Momentum is growing against the so-called ‘Fact Act.’ Senate Bill No. 357 is currently being considered by the U.S. Senate Judiciary Committee. Nearly 20 national veterans service organizations have added their voices to the Asbestos Disease Awareness Organization (ADAO), the Environmental Working Group (EWG) and others who have been urging congressional leaders to oppose the bill. If passed into law, the bill would change the federal bankruptcy code to give asbestos companies the ability to delay and deny claims of victims diagnosed with asbestos-related diseases.
Veterans Speak Out against FACT Act
Military veterans are disproportionally affected by asbestos-related diseases. They make up over a third of those diagnosed with mesothelioma. The veterans groups voiced their strong opposition to the bill in a letter to Senators Chuck E. Grassley (R-Iowa) and Patrick Leahy (D-Vermont), the chair and ranking member of the committee, where the bill is currently under review.
“This bill is a cynical ploy by the asbestos industry to avoid compensating its victims who are seeking justice in court –many of whom are veterans who were doubly exposed; first while in uniform and when they went to work for companies that knowingly exposed them to the deadly fiber,” the letter stated.
Veterans groups who signed the letter include American Veterans (AMVETS), The National Defense Council, Vietnam Veterans of America (VVA) and more. They join other national organizations speaking out against the bill.
Teachers, Fire Fighters and State Workers Oppose Legislation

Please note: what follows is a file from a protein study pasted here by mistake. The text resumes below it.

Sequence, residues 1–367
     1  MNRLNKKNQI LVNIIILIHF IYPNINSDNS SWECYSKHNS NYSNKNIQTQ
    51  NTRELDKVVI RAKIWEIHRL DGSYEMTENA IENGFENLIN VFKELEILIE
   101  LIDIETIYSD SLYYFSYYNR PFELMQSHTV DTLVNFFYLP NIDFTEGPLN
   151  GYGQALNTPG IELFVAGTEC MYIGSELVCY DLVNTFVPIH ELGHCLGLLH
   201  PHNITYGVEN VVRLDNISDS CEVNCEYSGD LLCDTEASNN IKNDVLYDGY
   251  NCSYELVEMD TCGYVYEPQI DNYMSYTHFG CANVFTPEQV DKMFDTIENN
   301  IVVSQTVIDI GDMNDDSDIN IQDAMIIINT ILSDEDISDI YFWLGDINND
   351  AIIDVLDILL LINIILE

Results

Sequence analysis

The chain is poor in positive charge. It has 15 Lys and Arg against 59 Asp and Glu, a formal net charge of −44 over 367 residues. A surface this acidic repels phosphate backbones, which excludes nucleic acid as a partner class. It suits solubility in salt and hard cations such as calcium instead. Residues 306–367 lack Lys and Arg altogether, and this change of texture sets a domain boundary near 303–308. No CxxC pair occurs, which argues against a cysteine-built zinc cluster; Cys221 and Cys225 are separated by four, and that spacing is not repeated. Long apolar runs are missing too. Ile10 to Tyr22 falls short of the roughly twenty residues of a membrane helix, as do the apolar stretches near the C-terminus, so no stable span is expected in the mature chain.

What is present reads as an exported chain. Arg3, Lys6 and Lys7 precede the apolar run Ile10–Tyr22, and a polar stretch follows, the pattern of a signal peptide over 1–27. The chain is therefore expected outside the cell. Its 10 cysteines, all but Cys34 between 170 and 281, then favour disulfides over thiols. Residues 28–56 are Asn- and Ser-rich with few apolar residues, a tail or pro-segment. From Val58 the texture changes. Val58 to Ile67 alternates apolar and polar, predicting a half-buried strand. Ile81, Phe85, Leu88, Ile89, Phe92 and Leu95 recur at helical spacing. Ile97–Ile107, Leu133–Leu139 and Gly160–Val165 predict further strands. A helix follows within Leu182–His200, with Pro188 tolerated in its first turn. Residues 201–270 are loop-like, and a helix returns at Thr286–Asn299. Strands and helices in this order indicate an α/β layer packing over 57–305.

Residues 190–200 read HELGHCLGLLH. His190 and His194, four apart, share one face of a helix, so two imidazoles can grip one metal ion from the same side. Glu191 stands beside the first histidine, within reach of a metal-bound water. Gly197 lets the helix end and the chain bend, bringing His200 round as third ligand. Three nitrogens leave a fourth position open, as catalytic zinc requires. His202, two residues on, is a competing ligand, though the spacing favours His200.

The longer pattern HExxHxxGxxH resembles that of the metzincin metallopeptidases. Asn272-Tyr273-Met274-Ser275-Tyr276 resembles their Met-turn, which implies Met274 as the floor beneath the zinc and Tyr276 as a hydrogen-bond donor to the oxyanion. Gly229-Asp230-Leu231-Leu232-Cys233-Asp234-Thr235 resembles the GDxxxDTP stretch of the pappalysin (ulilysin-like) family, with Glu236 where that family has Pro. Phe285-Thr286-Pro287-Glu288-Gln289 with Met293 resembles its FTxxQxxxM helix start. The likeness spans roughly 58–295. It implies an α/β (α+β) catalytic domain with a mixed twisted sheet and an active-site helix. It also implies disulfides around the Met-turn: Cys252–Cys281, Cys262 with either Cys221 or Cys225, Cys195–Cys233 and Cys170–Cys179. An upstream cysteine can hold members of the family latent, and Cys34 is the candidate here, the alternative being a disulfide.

The National Education Association, the International Association of Fire Fighters and the American Federation of State, County and Municipal Employees have all voiced their opposition to the bill.
“Victims of asbestos exposure, including first responders and teachers, among many other dedicated public employees, are entitled to compensation from the companies that caused their illnesses. S. 357 [FACT], however, would give companies an unfair advantage over asbestos victims seeking justice for their injuries — speciously touted as a ‘transparency bill,’ the measure actually is designed to help the asbestos industry avoid paying victims through delay tactics and waste of scarce trust resources set aside for victims,” their letter stated.
Momentum against the bill continued Wednesday during its first hearing. During his opening remarks, Senator Dick Durbin (D-Illinois) submitted 44 individual letters from asbestos victims into the record.
“This bill puts an onerous burden on the trusts and the victims in the name of ‘transparency.’ Where is transparency when it comes to the companies that manufactured the products with asbestos that ended up in our homes, schools and workplaces?” Durbin said during his opening remarks.
FACT Act Delays Justice for Victims Dying from Asbestos
The bill would require each asbestos bankruptcy trust to release quarterly reports of asbestos claims paid during the reporting into the public domain that would include personally identifiable information of victims and their families.
Sue Vento, wife of U.S. Representative Bruce Vento (D-Minn.) who passed away from mesothelioma, a rare cancer caused by asbestos exposure, also testified during the hearing on behalf of victims.
“Asbestos patients and families don’t have time on their side,” she said. “Mesothelioma victims are typically racing against the clock to ensure families aren’t burdened with huge medical bills and that they are taken care of. It’s astonishing that, of all the issues Congress could be addressing related to asbestos, you have chosen one that does nothing for victims, but rather one that gives additional tools to the asbestos industry to drag out these cases and escape accountability.”
You can join the growing opposition to the FACT Act by sending a letter to your congressional leaders. Don’t have the time to write one yourself? The Asbestos Disease Awareness Organization has set up a letter so you can send one in just minutes by filling out a quick form.
Tell your congressional leaders to stand with asbestos victims. Send your letter today!